Big Business Means Big Bucks for Nearby Nonprofits

Since the Covid-19 pandemic disrupted the global economy, many businesses have re-evaluated their operations for where they base their factories, headquarters, and branches. From new chip factories in Arizona to big names like Caterpillar and Boeing moving their headquarters into new locations, big names and small have been shuffling around where they place their facilities.  

These new openings represent a big opportunity for the areas they’re moving to, from new jobs to new tax revenue for the local government. But these moves also represent a big opportunity for local nonprofits.  

Oftentimes, when companies move into a new area, they will either directly donate or create grant programs for local nonprofits. The corporations do so in order to curry a favorable opinion from the new neighbors, establish themselves with ties to the local community, and also to use the grants as an opportunity to drive their own business interest.  

For example, General Motors recently announced over $160,000 in grants for local nonprofits in Warren, Michigan to deepen ties with the community as well as focus on issues relevant to GM such as stem education and improving road safety.  

In 2021 alone, corporations handed out over $20 billion to nonprofits. Brands like Amazon, Walmart, and Google regularly give out big bucks to local nonprofits to improve their image and grow connections with local communities.  

If your nonprofit organization is interested in expanding your funding sources, it would be a good idea to keep track of what new companies are opening up shop in your area.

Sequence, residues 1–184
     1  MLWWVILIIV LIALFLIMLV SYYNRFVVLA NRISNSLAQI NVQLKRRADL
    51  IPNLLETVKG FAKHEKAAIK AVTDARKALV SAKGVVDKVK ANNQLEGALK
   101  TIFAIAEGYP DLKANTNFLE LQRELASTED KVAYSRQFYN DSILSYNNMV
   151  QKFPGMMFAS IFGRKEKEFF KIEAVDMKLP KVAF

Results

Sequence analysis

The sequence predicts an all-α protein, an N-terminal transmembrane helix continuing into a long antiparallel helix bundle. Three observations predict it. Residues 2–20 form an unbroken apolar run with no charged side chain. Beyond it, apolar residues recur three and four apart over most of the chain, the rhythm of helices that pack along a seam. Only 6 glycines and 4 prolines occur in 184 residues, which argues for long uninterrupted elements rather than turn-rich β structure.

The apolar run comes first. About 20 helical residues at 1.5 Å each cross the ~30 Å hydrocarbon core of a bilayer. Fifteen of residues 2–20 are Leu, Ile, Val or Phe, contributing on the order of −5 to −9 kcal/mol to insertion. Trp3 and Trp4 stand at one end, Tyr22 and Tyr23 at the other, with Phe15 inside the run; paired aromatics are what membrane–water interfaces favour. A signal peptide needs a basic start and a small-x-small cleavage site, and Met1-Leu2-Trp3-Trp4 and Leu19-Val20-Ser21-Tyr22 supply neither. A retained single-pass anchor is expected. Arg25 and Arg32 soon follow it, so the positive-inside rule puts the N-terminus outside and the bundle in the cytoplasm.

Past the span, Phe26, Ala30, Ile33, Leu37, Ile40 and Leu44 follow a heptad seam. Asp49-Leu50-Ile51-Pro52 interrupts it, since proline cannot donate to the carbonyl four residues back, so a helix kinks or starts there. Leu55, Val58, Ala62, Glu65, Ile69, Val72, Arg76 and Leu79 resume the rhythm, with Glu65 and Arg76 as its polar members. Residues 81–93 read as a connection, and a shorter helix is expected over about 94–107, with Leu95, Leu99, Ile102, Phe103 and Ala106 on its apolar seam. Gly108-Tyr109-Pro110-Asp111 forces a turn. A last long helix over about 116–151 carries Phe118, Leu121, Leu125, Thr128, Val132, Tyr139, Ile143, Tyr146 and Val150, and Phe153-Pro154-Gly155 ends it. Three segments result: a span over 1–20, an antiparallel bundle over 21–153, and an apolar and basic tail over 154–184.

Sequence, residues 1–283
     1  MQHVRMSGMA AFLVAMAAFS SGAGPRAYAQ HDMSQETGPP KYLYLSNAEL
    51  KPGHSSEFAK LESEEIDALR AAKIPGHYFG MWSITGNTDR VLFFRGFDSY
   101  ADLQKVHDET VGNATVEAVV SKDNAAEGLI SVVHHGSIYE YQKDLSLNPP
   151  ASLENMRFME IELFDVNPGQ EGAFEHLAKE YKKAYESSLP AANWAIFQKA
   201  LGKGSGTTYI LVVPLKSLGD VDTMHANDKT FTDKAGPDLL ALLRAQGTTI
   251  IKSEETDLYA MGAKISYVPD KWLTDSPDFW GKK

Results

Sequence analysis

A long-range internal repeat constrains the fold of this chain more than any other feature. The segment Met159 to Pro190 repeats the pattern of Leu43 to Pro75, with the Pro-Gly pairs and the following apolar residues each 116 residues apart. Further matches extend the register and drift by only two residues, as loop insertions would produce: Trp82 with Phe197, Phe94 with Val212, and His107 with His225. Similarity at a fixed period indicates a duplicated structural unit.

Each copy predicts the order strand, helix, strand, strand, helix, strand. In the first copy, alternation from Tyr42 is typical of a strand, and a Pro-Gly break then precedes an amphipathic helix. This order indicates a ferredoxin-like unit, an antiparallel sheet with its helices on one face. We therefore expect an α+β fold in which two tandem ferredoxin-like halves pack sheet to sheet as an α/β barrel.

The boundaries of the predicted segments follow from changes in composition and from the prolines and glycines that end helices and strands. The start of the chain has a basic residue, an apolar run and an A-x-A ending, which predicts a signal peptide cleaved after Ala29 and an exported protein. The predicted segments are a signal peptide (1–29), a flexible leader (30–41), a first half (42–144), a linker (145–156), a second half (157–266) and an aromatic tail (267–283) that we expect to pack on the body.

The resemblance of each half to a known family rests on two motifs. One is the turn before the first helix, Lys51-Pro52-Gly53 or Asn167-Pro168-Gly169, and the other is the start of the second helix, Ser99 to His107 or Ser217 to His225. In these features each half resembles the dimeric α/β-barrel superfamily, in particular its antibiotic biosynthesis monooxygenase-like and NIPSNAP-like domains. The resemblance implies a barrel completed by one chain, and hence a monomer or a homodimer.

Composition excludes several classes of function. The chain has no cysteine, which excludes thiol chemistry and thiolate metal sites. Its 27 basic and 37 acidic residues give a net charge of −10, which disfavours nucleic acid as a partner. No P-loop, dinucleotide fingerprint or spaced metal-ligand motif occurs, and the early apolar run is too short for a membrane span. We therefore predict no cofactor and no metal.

Two key strategies for nonprofits would be to:  

  1. Keep on top of the corporations that regularly give a lot away, using lists like this to scan for companies that might match new businesses opening up near you 
  2. Follow industry trends and see where new technology and innovation will bring new business 

This last point is especially important. For example, electric cars have become more popular than ever, and big auto companies are rushing to build up the production to produce them. 

As a nonprofit, you may not think the electric vehicle industry has very much to do with you, but the newness of this industry basically requires that new factories in new locations be built. And with over $13.5 billion of new investments by auto and battery companies, you may find yourself neighbors to a new factory or business center sooner than later.  

As these new plants spring into production, these companies will most likely set up grant programs or make direct social investments in the surrounding communities. Nonprofits should be ready to engage with these new neighbors and take full advantage of everything they have to offer. 


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